Enblend overlays multiple TIFF images so as to make the seam invisible. It works with 8, 16 or 32 bit (HDR floating point) per channel images.
New in version 3.0:
- Adjusts the seam line to avoid areas of mismatch between source images such as parallax errors
- Supports saving and loading masks
- Includes various other performance improvements.
Enblend is available for Windows and Linux from the project site. A Mac OS X port, xblend, is available from Kevin Kratzke.
If you are working with multi-row panoramics, (for example three rows of eight pictures each), you can greatly speed up the processing by manually blending each row of images, then blending these three assembled rows.
I have written batch files for the Windows platform that do this automatically. Feel free to email me at markdfink_AT_northernlight_DOT_net if you are interested.
Parameters worth noting are:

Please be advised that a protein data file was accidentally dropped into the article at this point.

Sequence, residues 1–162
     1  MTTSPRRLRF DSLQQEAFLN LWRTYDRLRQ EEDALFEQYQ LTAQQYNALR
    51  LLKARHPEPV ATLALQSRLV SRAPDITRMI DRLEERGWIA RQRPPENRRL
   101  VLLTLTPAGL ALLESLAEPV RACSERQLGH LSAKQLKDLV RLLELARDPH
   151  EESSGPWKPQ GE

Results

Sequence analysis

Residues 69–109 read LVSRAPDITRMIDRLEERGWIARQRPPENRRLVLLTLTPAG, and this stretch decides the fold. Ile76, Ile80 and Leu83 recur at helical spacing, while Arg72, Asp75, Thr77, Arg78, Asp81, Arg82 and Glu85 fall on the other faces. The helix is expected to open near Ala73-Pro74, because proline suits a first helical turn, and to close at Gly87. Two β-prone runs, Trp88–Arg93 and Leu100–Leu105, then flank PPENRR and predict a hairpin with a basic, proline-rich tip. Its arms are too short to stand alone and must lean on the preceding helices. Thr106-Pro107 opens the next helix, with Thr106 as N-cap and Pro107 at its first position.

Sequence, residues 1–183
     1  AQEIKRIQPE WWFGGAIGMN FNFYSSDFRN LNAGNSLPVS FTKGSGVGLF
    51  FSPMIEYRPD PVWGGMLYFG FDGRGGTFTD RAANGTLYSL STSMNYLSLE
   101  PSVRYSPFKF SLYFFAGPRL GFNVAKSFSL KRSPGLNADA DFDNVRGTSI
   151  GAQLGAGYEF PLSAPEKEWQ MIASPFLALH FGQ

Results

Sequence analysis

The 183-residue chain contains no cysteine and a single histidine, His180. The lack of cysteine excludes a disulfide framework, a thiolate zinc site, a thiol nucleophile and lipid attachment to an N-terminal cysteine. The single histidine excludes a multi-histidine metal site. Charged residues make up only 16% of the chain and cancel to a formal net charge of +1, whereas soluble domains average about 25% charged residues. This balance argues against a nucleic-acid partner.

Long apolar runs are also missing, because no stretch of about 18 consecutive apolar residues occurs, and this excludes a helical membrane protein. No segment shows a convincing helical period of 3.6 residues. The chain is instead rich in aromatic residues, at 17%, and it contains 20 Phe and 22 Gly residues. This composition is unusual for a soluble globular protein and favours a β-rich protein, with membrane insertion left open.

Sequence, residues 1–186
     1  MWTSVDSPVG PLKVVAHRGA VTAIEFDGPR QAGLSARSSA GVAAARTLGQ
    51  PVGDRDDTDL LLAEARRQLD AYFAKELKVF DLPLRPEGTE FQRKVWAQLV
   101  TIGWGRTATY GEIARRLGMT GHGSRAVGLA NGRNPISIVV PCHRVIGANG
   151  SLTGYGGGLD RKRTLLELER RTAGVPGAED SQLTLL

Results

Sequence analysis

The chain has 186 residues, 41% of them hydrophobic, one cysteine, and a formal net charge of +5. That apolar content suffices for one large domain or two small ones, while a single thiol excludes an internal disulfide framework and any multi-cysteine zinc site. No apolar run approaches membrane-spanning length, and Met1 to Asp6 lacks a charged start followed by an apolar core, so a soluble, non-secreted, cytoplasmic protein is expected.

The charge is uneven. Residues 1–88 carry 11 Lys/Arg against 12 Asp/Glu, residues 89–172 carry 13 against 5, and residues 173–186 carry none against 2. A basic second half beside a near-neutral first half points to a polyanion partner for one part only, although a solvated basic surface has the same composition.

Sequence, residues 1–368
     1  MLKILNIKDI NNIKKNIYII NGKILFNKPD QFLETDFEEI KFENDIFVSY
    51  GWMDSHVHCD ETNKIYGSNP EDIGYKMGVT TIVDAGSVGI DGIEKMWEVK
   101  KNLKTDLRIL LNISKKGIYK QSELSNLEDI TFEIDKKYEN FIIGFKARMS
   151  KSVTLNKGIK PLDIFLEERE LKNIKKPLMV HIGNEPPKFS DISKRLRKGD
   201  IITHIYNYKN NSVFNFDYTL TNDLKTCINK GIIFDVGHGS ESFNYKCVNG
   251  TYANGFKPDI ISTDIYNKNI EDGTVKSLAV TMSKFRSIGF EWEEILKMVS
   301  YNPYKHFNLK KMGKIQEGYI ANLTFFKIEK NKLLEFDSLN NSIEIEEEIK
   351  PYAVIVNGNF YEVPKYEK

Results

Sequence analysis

- Pre-assemble non-overlapping images.
- Wrap the blending process around the 360 degree boundary so you don't end up with a harsh transition at the +180 and -180 degree seam.
- Force Enblend to use an output filename of your choice.
- Verbose output, see the details of what is happening rather than staring at a blank screen.
- -l <n>
- Force enblend to use a certain number of levels in order to increase the blend area (minimize visible seam lines).
Enblend supports cropped TIFF input files.
If you are trying to run Enblend 3.0 on Windows and are finding that the program returns immediately with no output, you may be attempting to run a version compiled with SSE instructions on a non-SSE-capable CPU (e.g like older AMD CPUs). You can obtain an non-SSE binary for Enblend from Sourceforge.
However, it could be that this version still doesn't run as discussed on  (problem) and  (solution). If so there is a patched version available at http://alto.anu.edu.au/~wpc/private/enblend/enblend-3.0-cyg.zip
Tutorials featuring enblend:
- Using enblend to fill the "Hole in the floor"
- How to use enblend for patching zenith and nadir images